College of Arts and Sciences honors eight of its graduates
As part of October’s Homecoming activities, the College of Arts and Sciences at Western Carolina recognized the achievements of the following graduates from its departments: Will Annarino MPA ’89, political science and public affairs; Sue Ellen Bridgers ’76, English; Richard Craddock ’84, mathematics and computer science; Dr. Julius N. Hill III ’63, biology; Dr. Salvatore Lettieri ’83, chemistry and physics; Stephen Page ’68 MA ’73, history; Jeffrey Ryan ’83, geosciences and natural resources; and Rob Tiger ’73, anthropology and sociology.
Annarino worked in law enforcement for 30 years, including 10 as chief of the Asheville Police Department, where he encouraged his employees to further their educations and built a partnership between the city and WCU’s master’s degree program in public affairs.
Bridgers, of Sylva, has published seven novels for young adults and is widely recognized as among the top authors of her genre. She honored WCU with her contribution of 21 years worth of manuscripts to Hunter Library’s Special Collections.
A veteran of the computer industry, Craddock, of San Francisco, has spent the last 14 years with Microsoft Corp., where he manages the group responsible for Windows Live Hotmail and calendar services.
Hill, of Clarkesville, Ga., is a Navy veteran and anesthesiologist with deep ties to WCU. Hill’s grandfather, a country doctor, was a trustee when WCU was a teacher’s college, and his uncle, also a doctor, was the first WCU graduate to attend medical school.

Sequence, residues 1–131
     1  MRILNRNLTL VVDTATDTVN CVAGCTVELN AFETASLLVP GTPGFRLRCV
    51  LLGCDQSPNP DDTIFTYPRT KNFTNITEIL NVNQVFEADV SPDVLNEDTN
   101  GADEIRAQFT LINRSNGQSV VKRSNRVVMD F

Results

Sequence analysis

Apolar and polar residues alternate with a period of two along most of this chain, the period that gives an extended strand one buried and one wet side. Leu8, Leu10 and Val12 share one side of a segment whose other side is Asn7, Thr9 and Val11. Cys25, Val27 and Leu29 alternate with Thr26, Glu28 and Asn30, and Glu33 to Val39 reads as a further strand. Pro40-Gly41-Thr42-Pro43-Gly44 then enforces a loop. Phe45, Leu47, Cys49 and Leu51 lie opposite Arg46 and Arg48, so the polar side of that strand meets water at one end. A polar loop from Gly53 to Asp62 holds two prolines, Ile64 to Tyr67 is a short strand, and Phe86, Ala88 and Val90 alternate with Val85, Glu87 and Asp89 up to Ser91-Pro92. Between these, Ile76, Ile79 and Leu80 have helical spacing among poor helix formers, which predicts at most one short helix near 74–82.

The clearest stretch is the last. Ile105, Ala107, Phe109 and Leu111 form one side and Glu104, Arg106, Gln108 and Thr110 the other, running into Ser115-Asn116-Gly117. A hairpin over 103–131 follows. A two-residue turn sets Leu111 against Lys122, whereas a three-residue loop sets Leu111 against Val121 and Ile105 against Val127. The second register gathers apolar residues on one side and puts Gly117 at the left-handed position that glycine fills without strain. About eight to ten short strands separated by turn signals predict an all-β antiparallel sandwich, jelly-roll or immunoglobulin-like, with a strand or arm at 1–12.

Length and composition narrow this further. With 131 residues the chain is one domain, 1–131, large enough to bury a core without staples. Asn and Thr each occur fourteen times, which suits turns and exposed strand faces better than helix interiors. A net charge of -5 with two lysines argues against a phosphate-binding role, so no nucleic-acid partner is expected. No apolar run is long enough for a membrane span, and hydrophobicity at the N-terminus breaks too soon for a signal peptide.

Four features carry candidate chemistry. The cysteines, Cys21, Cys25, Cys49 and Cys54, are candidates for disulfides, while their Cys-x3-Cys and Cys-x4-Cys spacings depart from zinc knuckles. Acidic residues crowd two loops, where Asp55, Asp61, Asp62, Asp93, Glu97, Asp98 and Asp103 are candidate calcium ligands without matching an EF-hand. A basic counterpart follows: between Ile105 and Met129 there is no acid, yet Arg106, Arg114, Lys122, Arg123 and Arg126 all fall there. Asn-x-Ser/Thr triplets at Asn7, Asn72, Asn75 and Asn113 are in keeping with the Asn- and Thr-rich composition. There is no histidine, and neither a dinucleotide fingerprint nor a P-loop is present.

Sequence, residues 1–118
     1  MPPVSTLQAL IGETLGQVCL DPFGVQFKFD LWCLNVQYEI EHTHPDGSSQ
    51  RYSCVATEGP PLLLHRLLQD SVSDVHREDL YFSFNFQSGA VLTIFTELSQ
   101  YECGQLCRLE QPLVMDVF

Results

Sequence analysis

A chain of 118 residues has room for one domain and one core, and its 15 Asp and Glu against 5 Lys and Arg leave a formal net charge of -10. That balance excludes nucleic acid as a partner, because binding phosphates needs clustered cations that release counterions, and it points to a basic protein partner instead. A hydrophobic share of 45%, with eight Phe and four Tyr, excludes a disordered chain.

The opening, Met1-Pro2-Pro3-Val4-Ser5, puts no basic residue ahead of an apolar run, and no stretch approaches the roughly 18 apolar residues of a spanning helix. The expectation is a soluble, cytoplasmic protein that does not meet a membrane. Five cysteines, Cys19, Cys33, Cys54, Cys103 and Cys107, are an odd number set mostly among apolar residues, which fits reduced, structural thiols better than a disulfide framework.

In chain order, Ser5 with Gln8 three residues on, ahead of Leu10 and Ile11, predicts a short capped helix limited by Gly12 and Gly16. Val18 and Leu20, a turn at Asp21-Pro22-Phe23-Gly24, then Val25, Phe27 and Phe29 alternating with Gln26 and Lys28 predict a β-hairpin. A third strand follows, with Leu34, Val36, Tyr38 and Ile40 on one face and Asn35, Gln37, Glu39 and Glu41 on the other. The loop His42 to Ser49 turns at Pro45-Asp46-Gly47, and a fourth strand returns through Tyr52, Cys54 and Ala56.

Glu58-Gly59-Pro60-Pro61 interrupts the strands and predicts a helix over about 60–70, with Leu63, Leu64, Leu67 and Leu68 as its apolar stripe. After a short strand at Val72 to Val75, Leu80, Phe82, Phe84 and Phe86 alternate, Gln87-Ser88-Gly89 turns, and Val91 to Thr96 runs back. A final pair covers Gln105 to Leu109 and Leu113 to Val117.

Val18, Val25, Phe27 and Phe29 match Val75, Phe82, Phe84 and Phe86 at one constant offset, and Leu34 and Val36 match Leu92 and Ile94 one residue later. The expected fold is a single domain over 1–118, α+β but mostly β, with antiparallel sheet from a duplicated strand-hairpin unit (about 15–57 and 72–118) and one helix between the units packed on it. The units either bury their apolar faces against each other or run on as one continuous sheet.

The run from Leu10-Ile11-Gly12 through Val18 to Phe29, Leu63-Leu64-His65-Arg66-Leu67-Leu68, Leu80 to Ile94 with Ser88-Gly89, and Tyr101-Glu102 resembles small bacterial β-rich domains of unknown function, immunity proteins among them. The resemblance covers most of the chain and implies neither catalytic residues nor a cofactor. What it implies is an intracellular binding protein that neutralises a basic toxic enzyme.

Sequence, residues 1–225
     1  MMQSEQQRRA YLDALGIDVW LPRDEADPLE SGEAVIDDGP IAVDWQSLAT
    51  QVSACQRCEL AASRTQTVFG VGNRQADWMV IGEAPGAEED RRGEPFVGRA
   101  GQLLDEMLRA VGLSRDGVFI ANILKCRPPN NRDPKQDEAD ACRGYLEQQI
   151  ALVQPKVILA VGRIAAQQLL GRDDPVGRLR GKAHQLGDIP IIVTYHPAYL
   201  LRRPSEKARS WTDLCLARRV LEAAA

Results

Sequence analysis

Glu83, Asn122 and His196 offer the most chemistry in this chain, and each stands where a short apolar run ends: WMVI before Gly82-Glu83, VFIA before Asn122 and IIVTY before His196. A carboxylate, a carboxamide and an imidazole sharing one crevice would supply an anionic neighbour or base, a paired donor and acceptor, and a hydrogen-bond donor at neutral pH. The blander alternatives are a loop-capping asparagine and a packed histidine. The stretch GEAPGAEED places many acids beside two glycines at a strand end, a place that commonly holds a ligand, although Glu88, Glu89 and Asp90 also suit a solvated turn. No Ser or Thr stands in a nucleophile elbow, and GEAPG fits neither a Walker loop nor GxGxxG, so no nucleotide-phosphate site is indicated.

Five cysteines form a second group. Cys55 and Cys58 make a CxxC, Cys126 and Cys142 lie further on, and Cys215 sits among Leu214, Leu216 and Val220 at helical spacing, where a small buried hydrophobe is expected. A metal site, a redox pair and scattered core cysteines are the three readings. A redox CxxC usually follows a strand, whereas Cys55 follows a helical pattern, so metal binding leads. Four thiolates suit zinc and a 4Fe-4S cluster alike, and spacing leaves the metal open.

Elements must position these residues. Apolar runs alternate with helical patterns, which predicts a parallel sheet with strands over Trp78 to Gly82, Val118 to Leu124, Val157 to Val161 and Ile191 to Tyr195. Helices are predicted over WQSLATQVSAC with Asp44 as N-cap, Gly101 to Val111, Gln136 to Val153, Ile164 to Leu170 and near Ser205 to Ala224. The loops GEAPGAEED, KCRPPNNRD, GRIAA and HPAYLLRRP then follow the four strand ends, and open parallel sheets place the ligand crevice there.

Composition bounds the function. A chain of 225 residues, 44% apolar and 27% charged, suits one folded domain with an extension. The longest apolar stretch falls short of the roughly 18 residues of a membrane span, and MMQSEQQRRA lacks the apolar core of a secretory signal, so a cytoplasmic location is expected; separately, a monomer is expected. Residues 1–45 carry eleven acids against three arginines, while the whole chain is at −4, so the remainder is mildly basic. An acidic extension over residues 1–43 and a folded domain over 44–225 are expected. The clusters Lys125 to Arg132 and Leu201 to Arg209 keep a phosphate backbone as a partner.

Lettieri is a plastic surgeon specializing in trauma reconstruction at the Mayo Clinic in Arizona. His patients include burn and cancer victims and those who have suffered animal attacks and other accidents.
An active volunteer and former Fulbright recipient, Page is a leading figure in N.C. public education, having served in numerous administrative capacities in Buncombe County and, since 2004, as superintendent of Henderson County Public Schools.
Ryan is assistant chair of the department of geology at the University of South Florida and researches the tectonic and geochemical origin of the Southern Appalachians. He is widely published and recognized in his field, and he is dedicated to writing and presenting with students.
Tiger, of Clay County, is a lifelong volunteer who has organized groups in Western North Carolina to promote community and draw attention to the region as a recreational area. He earned volunteer of the year in his county in 2007 and an award for outstanding volunteer service from the state in 2004.